In this exclusive sneak peek feature, we speak with Maya Zlatanova (FindMeCure) ahead of her presentation at the inaugural Real-World Evidence 2020: Rare Diseases and Innovative Therapies meeting. Discover her insight and register to attend RWE 2020 now!
Maya Zlatanova is the CEO of FindMeCure Ltd. Zlatanova is a healthtech entrepreneur, clinical research expert and pharma industry speaker, with over 15 years of experience in clinical research regulations, patient recruitment and engagement, and clinical trial feasibility and operations.
Zlatanova is inspired by stories, not just facts, and believes the clinical research industry faces overlooks many stories every day that are calling for a change in the way they think and operate.
What is the importance of patient and/or stakeholder engagement in designing clinical trials?
When designing a clinical trial, one must go through protocol development; I have personally witnessed clinical trial protocols structured in such a way that it means that practically no eligible patient exists for trial participation — when we combine indication with eligibility criteria — or that the clinical trial schedule is absolutely impossible to comply with if you are a patient with pain, living far from the trial site, working, have kids etc. This calls for urgent patient and caregiver engagement in clinical trial design.
I am excited to see people finally sit together and really try to overcome challenges together because they understand that if we don’t do it together, then it won’t ever happen.”
On the other side, patient communities have come to realize that they can no longer grow and have real impact without learning how to be more helpful to companies. Many of them have already started education and preparation for that.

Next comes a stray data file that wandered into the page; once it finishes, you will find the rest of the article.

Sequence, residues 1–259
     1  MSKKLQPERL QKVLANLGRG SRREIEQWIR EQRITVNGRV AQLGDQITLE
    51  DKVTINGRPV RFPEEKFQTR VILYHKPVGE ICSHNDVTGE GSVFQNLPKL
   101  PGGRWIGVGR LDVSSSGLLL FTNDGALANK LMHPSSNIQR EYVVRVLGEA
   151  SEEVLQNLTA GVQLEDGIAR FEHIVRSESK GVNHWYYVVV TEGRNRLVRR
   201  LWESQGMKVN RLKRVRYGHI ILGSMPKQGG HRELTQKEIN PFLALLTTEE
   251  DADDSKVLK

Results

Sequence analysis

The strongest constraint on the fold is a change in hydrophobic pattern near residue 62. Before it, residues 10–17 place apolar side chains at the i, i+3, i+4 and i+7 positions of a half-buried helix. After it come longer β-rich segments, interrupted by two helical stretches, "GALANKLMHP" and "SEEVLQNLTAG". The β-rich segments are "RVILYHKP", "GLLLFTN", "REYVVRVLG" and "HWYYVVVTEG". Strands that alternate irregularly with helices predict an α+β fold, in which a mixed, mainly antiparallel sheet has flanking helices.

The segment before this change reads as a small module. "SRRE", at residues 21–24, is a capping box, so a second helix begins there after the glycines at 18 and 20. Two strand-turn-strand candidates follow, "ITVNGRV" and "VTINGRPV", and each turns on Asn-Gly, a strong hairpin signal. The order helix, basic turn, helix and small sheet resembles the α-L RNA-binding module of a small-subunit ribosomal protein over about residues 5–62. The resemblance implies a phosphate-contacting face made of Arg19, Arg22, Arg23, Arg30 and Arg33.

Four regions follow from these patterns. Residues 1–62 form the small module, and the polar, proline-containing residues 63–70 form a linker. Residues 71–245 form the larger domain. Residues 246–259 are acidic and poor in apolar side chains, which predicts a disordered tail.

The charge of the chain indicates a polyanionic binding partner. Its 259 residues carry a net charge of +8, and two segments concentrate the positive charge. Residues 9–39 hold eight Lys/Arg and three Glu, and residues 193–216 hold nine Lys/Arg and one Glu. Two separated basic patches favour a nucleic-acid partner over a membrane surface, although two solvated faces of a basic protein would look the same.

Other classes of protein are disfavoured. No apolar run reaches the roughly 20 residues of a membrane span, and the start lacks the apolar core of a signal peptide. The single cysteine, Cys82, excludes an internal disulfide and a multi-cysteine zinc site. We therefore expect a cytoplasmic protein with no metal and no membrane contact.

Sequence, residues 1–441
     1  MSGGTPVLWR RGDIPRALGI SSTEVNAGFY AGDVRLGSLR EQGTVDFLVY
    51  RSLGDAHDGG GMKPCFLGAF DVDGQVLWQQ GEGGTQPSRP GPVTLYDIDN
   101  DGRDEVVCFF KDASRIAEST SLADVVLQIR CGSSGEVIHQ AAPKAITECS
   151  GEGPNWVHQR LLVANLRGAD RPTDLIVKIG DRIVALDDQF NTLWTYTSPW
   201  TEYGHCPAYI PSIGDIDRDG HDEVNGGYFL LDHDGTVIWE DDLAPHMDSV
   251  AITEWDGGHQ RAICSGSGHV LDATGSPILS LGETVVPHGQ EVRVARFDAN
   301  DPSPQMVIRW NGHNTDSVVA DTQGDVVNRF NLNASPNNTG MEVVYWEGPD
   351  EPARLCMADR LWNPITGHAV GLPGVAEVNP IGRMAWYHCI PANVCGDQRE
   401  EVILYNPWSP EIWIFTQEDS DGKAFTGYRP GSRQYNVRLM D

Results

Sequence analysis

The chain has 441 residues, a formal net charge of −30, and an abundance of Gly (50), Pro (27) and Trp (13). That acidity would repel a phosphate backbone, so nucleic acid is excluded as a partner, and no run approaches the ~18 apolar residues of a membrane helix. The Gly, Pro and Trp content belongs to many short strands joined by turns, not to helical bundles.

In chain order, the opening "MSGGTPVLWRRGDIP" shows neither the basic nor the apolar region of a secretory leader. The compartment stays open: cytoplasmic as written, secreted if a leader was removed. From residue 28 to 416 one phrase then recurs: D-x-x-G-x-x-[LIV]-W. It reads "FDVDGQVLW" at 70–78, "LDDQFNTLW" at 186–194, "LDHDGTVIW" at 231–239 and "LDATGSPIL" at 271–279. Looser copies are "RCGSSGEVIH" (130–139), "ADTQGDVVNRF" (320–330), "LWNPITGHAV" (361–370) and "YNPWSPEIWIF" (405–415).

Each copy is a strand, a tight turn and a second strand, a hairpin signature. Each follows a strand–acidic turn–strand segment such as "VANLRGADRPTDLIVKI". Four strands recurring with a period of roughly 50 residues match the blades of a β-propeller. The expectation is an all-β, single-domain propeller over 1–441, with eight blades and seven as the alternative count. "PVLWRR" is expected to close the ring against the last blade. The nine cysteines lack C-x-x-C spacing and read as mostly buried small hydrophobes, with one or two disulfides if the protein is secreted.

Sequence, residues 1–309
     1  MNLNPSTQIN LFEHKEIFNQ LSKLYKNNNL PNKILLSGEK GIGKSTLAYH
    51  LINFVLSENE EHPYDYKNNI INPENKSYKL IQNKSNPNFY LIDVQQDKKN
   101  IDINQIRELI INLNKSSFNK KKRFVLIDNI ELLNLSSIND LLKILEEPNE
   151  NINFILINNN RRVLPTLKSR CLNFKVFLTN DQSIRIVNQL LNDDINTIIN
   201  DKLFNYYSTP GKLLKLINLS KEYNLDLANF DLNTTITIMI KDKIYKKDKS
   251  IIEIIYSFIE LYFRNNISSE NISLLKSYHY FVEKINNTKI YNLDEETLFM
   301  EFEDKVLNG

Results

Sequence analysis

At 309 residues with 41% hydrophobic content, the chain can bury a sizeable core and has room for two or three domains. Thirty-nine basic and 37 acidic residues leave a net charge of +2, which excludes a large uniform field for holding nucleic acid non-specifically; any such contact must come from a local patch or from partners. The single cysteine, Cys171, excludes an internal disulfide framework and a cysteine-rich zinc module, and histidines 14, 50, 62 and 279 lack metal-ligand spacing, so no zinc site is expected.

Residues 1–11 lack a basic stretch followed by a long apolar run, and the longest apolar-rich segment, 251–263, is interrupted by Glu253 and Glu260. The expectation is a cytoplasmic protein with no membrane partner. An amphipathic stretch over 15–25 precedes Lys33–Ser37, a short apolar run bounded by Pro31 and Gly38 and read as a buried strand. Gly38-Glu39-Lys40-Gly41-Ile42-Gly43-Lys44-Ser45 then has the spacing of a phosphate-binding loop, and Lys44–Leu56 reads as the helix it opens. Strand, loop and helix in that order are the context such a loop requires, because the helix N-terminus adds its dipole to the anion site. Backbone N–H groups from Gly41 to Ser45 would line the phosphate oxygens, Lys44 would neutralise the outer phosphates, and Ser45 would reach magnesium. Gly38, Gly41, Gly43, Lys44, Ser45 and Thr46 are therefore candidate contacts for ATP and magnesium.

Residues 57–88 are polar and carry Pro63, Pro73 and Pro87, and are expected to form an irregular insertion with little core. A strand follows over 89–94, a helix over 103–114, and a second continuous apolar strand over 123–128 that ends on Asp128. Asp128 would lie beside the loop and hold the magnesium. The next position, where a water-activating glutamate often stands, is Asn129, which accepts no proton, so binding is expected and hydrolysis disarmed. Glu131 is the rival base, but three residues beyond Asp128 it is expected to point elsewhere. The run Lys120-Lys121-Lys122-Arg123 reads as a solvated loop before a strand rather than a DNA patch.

Pharma companies have also realized that they are at a moment where their customers — patients — have a lot more freedom to choose and decide what’s best for their health; knowing what those patients want, and how they want it, is an essential aspect of rethinking their strategy.
I am excited to see people finally sit together and really try to overcome challenges together because they understand that if we don’t do it together, then it won’t ever happen. Patient engagement is so important, not just for society, but also for the future of pharma — there is no other way.
What is the importance of using real-world evidence to effectively locate and recruit patients for trials, especially in the rare diseases field?
One of the main jobs carried out when planning a clinical trial is defining which locations and sites will recruit and monitor patients. If you select the wrong locations, this will result in a lack of eligible patients being recruited.
It’s proven that knowing patients’ pathways in each country gives you essential points to consider when considering why you should expect challenges with recruiting and maintaining patients in a clinical trial.”
Today, 40% of sites specified in clinical trial plans recruit between zero and one patients only. In order to prevent this, it is essential to know where eligible patients are located, why they would participate in a study and how to help them be monitored at their convenience, following their lifestyle and specific condition requirements. This is where real-world evidence can be of utmost value.
Without giving too much away, what do you hope are the key points for the audience to take away from your talk at Real-World Evidence 2020: Rare Diseases and Innovative Therapies?
- What makes rare diseases special in terms of patient recruitment and how real-world evidence help can
- What the sources of real-world data for this use look like
- Tricks and hacks for using real-world data in designing clinical trials
Why do you think events like Real-World Evidence 2020: Rare Diseases and Innovative Therapies are important in progressing the field?
RWE 2020 is an important event because it will bring so many different key stakeholders together; it is important for these stakeholders to exchange know-how about areas that are important to all of us. Patient recruitment is a huge challenge for everyone; sponsors are trying more and more to improve their GO/NO GO decision making process and avoid clinical trial delays and failures. It’s proven that knowing patients’ pathways in each country gives you essential points to consider when considering why you should expect challenges with recruiting and maintaining patients in a clinical trial.
With respect to rare diseases, this aspect is even more critical, as we are dealing with a far smaller patient population, spread across the world, so there is almost no room for mistakes.